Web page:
Membrane cholesterol modulates the fluid shear stress response of polymorphonuclear leukocytes via its effects on membrane fluidity

Xiaoyan Zhang, Jonathan Hurng, Debra L. Rateri, Alan Daugherty, Geert W. Schmid-Schönbein, Hainsworth Y. Shin

Research output: Contribution to journalArticlepeer-review

34 Scopus citations

Abstract

Continuous exposure of polymorphonuclear leukocytes (PMNLs) to circulatory hemodynamics points to fluid flow as a biophysical regulator of their activity. Specifically, fluid flow-derived shear stresses deactivate leukocytes via actions on the conformational activities of proteins on the cell surface. Because membrane properties affect activities of membranebound proteins, we hypothesized that changes in the physical properties of cell membranes influence PMNL sensitivity to fluid shear stress. For this purpose, we modified PMNL membranes and showed that the cellular mechanosensitivity to shear was impaired whether we increased, reduced, or disrupted the organization of cholesterol within the lipid bilayer. Notably, PMNLs with enriched membrane cholesterol exhibited attenuated pseudopod retraction responses to shear that were recovered by select concentrations of benzyl alcohol (a membrane fluidizer). In fact, PMNL responses to shear positively correlated (R 2 = 0.96; P < 0.0001) with cholesterol-related membrane fluidity. Moreover, in low-density lipoprotein receptor-deficient (LDLr -/-) mice fed a high-fat diet (a hypercholesterolemia model), PMNL shear-responses correlated (R 2 = 0.5; P < 0.01) with blood concentrations of unesterified (i.e., free) cholesterol. In this regard, the shear-responses of PMNLs gradually diminished and eventually reversed as free cholesterol levels in blood increased during 8 wk of the high-fat diet. Collectively, our results provided evidence that cholesterol is an important component of the PMNL mechanotransducing capacity and elevated membrane cholesterol impairs PMNL shearresponses at least partially through its impact on membrane fluidity. This cholesterol-linked perturbation may contribute to dysregulated PMNL activity (e.g., chronic inflammation) related to hypercholesterolemia and causal for cardiovascular pathologies (e.g., atherosclerosis).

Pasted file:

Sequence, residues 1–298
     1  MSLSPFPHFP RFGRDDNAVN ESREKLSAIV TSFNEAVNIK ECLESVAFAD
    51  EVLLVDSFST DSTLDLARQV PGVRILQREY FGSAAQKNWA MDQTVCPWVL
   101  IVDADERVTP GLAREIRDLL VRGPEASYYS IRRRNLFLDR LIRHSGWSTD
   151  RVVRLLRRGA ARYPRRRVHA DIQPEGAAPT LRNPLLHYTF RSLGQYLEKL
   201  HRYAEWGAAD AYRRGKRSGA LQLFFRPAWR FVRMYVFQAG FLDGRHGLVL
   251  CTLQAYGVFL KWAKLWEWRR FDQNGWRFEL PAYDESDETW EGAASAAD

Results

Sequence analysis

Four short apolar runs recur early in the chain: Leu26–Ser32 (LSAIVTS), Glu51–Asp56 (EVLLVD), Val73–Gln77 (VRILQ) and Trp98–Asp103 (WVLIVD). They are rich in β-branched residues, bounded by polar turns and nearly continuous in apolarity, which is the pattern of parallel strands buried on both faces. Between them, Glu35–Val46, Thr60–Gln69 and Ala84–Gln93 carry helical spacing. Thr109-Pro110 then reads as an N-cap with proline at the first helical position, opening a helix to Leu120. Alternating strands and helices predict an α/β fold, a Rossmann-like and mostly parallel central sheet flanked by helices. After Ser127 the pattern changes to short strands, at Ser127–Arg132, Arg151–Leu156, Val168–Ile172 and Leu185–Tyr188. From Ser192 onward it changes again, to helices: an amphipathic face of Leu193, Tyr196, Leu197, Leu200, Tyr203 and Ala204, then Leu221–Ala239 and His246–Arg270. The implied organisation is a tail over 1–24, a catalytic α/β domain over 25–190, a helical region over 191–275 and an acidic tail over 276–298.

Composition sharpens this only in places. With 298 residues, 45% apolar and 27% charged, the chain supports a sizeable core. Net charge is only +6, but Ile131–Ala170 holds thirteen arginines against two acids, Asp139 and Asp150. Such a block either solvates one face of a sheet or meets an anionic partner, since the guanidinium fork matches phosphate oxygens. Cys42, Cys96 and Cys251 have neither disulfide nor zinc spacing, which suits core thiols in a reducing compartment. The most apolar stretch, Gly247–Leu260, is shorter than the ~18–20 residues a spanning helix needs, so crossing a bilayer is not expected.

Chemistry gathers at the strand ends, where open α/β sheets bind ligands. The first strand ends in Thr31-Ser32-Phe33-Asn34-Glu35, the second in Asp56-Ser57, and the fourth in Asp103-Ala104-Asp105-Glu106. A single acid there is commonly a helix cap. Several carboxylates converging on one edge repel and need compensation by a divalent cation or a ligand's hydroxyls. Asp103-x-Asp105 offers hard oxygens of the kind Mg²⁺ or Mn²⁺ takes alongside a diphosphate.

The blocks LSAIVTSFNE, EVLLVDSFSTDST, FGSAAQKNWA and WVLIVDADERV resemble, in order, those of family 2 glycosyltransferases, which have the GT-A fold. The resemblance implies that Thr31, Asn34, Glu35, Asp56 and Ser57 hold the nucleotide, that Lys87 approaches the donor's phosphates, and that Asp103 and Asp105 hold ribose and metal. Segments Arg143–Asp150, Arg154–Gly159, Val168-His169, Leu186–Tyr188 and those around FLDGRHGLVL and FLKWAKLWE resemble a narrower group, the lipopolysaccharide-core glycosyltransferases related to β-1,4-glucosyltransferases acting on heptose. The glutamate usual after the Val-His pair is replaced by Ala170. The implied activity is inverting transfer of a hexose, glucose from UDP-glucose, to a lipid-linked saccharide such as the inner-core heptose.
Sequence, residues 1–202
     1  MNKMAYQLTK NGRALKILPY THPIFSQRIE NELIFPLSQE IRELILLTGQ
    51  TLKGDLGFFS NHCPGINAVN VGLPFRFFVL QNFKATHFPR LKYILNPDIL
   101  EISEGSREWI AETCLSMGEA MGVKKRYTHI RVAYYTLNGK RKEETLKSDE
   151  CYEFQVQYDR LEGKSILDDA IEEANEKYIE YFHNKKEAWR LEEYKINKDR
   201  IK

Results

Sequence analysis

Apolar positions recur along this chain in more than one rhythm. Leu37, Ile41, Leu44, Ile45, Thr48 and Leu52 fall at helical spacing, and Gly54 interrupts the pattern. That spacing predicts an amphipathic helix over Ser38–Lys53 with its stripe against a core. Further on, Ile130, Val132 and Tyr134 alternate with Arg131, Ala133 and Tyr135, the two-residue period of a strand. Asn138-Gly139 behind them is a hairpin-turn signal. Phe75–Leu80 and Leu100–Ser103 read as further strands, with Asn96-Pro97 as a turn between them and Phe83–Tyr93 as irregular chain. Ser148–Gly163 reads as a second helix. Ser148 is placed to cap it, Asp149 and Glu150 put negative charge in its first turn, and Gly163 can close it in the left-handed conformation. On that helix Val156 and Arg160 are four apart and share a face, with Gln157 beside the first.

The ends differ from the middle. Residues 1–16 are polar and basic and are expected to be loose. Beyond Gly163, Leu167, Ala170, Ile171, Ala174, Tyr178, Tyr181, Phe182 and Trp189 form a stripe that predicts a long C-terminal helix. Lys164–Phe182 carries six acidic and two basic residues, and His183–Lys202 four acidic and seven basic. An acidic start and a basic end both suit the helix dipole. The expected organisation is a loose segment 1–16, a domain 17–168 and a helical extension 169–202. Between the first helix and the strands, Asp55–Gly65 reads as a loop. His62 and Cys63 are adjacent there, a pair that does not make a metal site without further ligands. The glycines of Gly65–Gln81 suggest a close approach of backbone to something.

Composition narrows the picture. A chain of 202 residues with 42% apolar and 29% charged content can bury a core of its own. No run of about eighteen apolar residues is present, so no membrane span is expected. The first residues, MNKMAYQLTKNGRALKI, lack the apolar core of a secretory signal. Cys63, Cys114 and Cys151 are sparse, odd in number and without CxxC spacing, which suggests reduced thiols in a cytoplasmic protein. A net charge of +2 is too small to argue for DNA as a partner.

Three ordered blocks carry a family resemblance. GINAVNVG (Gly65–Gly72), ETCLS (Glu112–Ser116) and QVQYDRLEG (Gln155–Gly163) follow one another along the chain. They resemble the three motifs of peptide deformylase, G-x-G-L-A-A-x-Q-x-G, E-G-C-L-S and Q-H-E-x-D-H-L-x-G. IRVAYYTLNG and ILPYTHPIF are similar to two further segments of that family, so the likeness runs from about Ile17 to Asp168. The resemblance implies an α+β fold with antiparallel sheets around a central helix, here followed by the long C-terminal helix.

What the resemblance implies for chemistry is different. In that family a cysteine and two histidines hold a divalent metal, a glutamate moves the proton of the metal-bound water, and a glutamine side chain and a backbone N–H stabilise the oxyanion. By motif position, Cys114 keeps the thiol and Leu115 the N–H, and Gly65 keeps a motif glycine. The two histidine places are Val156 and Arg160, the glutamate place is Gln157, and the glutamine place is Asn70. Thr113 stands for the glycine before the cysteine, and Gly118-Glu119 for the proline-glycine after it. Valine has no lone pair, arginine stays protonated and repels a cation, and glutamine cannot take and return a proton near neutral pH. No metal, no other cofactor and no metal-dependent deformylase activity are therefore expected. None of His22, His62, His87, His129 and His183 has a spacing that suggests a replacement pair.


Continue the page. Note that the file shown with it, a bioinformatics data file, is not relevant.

Original languageEnglish
Pages (from-to)C451-C460
JournalAmerican Journal of Physiology - Cell Physiology
Volume301
Issue number2
DOIs
StatePublished - Aug 2011

Keywords

  • Cell deactivation
  • Flow
  • Hypercholesterolemia
  • Mechanotransduction
  • Pseudopod retraction

ASJC Scopus subject areas

  • Physiology
  • Cell Biology

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